Few people know that New York City has an official greenway plan to create 350 miles of trails for walking and biking. The Department of City Planning created the plan in 1993, incorporating proposals for a Brooklyn/Queens greenway by the Neighborhood Open Space Coalition and a Bronx greenway by Bronx Borough President Fernando Ferrer. The city has received more than $60 million in federal funding so far for this program, under the ISTEA and TEA-21 legislation that seeks to promote alternative modes of transportation. The program requires only 20 percent in state or city matching funds, a great opportunity in an era of scarce money for green space and recreation, and one that city elected officials should be pursuing more vigorously. The state recently committed $11 million for a section of the Bronx River Greenway, which is envisioned to run continuously from Wards Island to the Westchester border. The plan includes restoring land and creating access to the river for the community. At present, New York City has about 70 miles of existing greenway routes, 25 miles under construction, and 80 more miles planned. What would candidates do to speed up the implementation of the greenway plan?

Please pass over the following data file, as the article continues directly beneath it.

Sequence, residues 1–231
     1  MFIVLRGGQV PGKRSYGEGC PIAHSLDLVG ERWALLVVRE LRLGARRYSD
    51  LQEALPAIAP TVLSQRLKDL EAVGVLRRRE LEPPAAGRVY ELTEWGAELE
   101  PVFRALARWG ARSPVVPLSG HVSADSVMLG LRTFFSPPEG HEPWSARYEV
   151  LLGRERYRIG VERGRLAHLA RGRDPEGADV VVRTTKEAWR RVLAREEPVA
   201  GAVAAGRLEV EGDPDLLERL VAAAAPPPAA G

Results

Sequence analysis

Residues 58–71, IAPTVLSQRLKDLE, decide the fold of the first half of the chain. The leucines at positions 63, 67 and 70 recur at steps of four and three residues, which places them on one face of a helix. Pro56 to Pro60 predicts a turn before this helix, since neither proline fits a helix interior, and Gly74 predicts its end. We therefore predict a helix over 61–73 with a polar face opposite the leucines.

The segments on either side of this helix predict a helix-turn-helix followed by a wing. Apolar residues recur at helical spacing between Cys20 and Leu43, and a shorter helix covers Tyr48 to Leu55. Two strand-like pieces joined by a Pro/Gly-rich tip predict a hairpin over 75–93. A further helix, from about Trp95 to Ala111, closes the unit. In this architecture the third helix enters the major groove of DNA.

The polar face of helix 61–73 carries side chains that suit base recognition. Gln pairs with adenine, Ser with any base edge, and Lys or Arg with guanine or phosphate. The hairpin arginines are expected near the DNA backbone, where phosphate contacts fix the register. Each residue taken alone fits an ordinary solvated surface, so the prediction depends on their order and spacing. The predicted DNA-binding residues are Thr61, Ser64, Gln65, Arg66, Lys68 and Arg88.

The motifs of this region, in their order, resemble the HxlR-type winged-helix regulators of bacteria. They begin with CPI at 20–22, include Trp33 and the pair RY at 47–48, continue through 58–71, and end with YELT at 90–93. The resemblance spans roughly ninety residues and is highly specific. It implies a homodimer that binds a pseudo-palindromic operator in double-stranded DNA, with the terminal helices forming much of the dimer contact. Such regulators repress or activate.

It is delightful to walk down a city street with a canopy of large trees (and perhaps more delightful to live on such a street!) Trees contribute significantly to the quality of life in the city. They provide shade, cool the air and reduce energy use in the summer, filter pollutants, slow runoff, and screen out noise and ugly views. Studies at housing projects in Chicago have even shown a correlation between the presence of trees and fewer incidents of violence. Trees and other plantings have also been shown to increase commercial and residential property values.